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Constitutions for Non-Profit Organisations

What is covered in this guide?

This guide gives an introduction to constitutions for non-governmental organisations (NGOs) and community-based organisations (CBOs). It is written for organisations that aim to make a contribution to society and organisations that are not set up to make a profit (non-profit organisations).

This guide has the following sections:

  1. What do you use Constitutions for?
  2. Important things to know about Constitutions
  1. Constitutions are long-term decisions
  2. Using constitutions
  3. Different kinds of organisations are covered by different laws
  1. Important things to know about non-profit organisations.
  1. What is a non-profit organisation
  2. What is a non-governmental organisation
  3. The Non-profit Organisations Act
  4. Different types of non-profit organisations
  5. Registration if the three types of NPOs
  6. Decisions to be made before drawing up a constitution or founding document

There are three other guides in our Community Organisers Toolbox that will give you more details on the legal requirements for non-profit organisations. They were written and produced by the Legal resources Centre [LRC]. Click below to go to them:

  1. Legal structures commonly used by non-profit organisations
  2. The Non-profit Organisations Act 
  3. A model constitution for a voluntary association with explanatory guidelines

You will find details about LRC and how you can contact them in these guides
The Education and Training Unit would like to thank LRC for making their material available.

  1. Contact details of those who can offer further assistance

  1. What do you use constitutions for?

A constitution is the foundation for building an organisation. It should contain all the key agreements made by members on how the organisation will work. In law it is called the "founding document" and it is legally binding on the executive and members of the organisation. It should tell you the following:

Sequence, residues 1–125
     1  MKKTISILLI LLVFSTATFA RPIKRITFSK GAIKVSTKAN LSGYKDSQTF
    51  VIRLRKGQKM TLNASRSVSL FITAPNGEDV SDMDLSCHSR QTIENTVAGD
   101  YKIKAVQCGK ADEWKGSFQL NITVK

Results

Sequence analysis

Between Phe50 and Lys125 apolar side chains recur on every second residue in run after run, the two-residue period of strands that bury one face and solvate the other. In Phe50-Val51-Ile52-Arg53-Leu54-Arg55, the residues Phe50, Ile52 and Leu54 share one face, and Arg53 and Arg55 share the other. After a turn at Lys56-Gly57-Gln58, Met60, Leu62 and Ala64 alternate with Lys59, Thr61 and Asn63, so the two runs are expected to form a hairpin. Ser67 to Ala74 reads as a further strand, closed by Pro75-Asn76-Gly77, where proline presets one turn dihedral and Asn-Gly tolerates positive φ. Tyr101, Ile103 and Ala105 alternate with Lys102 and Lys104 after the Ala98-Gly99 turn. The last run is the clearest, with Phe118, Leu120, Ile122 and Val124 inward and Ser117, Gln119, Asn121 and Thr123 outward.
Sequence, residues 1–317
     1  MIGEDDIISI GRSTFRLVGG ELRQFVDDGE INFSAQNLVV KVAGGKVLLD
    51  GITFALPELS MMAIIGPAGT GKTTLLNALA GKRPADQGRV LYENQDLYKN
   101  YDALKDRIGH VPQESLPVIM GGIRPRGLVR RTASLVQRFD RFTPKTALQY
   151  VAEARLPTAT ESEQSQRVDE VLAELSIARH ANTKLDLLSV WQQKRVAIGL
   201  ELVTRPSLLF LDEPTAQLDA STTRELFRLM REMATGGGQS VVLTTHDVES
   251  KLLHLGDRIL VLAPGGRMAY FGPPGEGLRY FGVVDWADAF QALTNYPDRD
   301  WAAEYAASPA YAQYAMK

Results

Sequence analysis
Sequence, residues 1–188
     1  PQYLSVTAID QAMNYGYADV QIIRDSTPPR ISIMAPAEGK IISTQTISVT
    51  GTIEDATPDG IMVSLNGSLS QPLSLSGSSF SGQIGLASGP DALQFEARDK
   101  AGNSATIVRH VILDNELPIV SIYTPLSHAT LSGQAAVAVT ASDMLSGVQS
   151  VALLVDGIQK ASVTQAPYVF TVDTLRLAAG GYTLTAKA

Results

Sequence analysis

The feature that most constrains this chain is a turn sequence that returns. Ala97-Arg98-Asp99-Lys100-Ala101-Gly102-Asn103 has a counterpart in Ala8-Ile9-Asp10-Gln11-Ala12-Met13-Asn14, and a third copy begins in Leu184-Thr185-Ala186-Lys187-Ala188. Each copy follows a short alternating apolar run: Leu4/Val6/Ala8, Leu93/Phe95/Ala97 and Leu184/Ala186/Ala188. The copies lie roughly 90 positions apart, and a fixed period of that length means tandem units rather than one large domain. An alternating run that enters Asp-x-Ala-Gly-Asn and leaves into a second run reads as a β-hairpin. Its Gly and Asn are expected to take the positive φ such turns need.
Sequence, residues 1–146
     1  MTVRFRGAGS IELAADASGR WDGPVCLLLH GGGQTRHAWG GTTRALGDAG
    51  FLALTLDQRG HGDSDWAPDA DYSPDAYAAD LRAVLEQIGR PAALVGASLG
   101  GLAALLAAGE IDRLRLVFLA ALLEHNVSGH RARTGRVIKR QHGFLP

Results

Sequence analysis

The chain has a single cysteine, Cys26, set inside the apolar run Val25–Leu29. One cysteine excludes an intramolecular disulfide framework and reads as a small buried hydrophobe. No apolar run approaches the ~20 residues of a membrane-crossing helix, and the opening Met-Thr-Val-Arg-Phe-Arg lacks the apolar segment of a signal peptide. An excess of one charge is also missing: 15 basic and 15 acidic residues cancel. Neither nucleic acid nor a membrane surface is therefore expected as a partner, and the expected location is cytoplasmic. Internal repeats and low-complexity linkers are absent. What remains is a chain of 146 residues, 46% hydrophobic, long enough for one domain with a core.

1. Why the organisation exists, its purpose and objectives; 
  2. Who the organisation's key constituency and stakeholders are, who should benefit from its work; and
  3. How the organisation intends to work, its broad principles and the basic structures for decision making and getting the work done as well dealing with the finances and assets of the organisation.

The constitution or founding documents should be clear and simple so that members understand their rights and responsibilities, leaders understand their mandate and how to be accountable and members of the public understand why the organisation exists and how it operates. See the LRC guides for more details on the legal requirements for different types of NPOs. The constitution or founding documents will usually have detailed and clear sections on:

  1. Important things to know about constitutions

  1. Constitutions are long-term decisions

Constitutions should be written so that they will not need to be changed throughout the life of an organisation. They should not need to be changed often, although they can be changed [amended] if members feel the need to make new agreements about the basic principles of the organisation. It is a major decision to change a constitution and the existing constitution should say when and how it may be done. Any changes should be publicised to members and the public [if relevant] and if you have registered your organisation, you will have to inform the bodies with whom you registered. 

Constitutions should not be too detailed. They should record only those agreements that will remain true throughout the life of the organisation or until some major change happens. They should only record basic and long-term facts about the organisation that you will not need to change often. They should not, for example, include specific objectives that are only relevant for a short part of the organisation's life span. The objectives you include should be relevant to the long-term goal and purpose of the organisation. The description of structures also should not be too detailed. It should not contain names or other specific details that will change as the organisation develops. Only the main structures and their functions should be covered, as you may want to change parts of the structure from time to time. For example you may say " A Chairperson, secretary, treasurer and at least three additional members will be elected as an executive at the AGM" This allows you to change the number and the portfolios on the executive as your needs change, without having to amend your constitution.

  1. Using constitutions

The constitution is the key founding document of an organisation. It is a record of agreements on the basic principles of the organisation and is legally binding on all members. Constitutions are not like plans. They should not change regularly. The Constitution records all those agreements that will be important for the whole life of the organisation. Constitutions play a key role at different times in the organisation's life: